In a sign that Newsnight may have crossed a line with its inquiries, managers made the team aware that some staff felt uncomfortable being asked questions about their interactions with Edwards, who is suspended amid accusations he paid a young person for explicit images.
Deadline revealed yesterday that presenter Victoria Derbyshire was examining Edwards’ conduct prior to allegations being published in The Sun newspaper last Friday. Now, three sources have told Deadline that there was disquiet over how Newsnight’s probe developed this week.
Newsnight was accused of “profiling” potential Edwards sources by trawling through the 5,810 people he follows on Twitter and identifying BBC employees who may have had allegations to share about his behavior. Edwards’ Twitter ‘likes’ were also said to have been examined.
It is understood that a handful of BBC staff members were contacted by Newsnight. The show reported on Wednesday that Edwards allegedly sent “inappropriate” and “suggestive” messages to junior BBC employees, including making comments about their appearance.
“It’s really distasteful,” said a BBC insider familiar with Newsnight’s hunt for a story. Sources said it had fuelled concerns that BBC News’ coverage of the Edwards scandal was too agressive. There was also anger over the timing of the Newsnight report, coming just hours after it was revealed that Edwards was in hospital with severe mental health issues.
A senior BBC News source said: “We fully take on board the views of staff who have felt uncomfortable with the work on this particular piece of reporting, we’ve fed that back to those involved in the journalism, and we’ll talk to the affected staff about it if they wish.”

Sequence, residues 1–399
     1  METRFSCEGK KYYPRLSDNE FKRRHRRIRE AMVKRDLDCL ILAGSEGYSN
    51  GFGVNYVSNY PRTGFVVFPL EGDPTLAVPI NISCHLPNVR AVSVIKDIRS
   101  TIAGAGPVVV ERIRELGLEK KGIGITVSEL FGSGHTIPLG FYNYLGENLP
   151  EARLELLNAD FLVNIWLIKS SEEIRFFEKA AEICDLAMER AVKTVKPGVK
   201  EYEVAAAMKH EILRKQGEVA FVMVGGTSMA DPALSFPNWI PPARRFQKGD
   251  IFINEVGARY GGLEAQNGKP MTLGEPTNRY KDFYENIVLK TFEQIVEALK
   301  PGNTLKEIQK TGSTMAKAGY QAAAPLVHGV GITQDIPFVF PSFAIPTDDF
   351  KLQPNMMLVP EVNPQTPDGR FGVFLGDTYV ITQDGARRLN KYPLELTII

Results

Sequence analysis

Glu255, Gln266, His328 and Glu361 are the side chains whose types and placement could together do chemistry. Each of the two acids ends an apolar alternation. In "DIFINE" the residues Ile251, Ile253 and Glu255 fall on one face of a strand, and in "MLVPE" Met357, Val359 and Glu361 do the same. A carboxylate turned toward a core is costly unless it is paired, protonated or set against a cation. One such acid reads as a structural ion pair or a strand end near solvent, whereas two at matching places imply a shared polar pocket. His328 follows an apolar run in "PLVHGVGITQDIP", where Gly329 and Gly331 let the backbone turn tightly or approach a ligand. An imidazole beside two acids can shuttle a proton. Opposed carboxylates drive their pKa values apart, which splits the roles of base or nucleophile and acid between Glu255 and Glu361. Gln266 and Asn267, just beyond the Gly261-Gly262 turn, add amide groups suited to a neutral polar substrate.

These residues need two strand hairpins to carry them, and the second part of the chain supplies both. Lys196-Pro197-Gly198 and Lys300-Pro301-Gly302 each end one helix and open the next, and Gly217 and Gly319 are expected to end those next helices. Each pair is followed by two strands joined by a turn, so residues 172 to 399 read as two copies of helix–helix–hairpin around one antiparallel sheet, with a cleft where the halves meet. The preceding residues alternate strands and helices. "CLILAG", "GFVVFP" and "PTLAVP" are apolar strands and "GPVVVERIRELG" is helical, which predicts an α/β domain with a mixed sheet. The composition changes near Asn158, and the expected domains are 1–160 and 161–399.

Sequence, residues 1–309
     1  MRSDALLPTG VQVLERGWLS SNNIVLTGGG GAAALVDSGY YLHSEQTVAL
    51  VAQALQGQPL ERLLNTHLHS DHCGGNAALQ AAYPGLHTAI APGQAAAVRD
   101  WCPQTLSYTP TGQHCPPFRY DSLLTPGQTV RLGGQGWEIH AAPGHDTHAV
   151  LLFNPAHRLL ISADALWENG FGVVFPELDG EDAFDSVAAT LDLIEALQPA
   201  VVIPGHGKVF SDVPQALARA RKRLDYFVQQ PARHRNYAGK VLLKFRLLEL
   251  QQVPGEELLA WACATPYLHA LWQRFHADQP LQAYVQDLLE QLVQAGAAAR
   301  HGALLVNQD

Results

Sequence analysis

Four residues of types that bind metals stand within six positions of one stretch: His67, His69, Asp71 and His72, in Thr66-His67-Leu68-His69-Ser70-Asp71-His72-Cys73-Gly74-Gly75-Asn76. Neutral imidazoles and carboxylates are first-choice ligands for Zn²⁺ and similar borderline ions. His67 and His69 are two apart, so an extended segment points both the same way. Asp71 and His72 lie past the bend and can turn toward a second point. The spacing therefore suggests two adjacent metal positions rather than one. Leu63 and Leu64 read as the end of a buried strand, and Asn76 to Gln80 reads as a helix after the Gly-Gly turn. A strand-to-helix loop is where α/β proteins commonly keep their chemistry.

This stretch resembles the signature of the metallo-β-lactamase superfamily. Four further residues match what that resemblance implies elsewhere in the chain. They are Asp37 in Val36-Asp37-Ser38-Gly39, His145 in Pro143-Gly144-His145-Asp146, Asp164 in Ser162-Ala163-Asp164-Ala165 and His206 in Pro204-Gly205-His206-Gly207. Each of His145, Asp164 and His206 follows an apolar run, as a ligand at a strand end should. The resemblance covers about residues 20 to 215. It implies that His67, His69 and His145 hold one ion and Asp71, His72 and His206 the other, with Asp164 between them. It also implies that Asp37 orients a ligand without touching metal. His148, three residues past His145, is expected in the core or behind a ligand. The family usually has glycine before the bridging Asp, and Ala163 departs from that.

The source denied that employees were profiled, however. They said Newsnight journalists were examining what appeared to be a pattern involving Edwards allegedly “engaging with people publicly on social media before contacting them privately.”
A BBC spokesperson said: “We always treat the concerns of staff with care, and would always urge any staff members to speak to us.”
BBC News CEO Deborah Turness emailed the newsroom on Thursday to say that individual teams will be invited to attend “safe space” meetings in which people can express “anything that’s on your mind.”
In the message seen by Deadline, she was not specific about what people may wish to discuss, but said managers will point employees to support tools, including mental health services. Turness added that managers will also make themselves available for private meetings.
The email could be interpreted as managers clearing a path for employees to flag any concerns they may have over the alleged conduct of Edwards. The meetings could also serve as a forum for some to express disquiet over BBC News’ coverage of the saga.
Turness — who has recused herself from editorial decisions on Edwards — said there were “difficult moments and tough decisions” to come as the story develops. “I have seen the kindness, thoughtfulness and understanding you are showing each other. Please do continue to look out for each other,” she said.
The BBC is conducting its own corporate investigation into Edwards and the external complaint about his conduct in May. A spokesperson said: “We are moving forward with our fact-finding investigations. We are going to get on with this work calmly, carefully and with diligence, with full consideration of our duty of care to all involved. We will not be providing further comment while this work is ongoing.”
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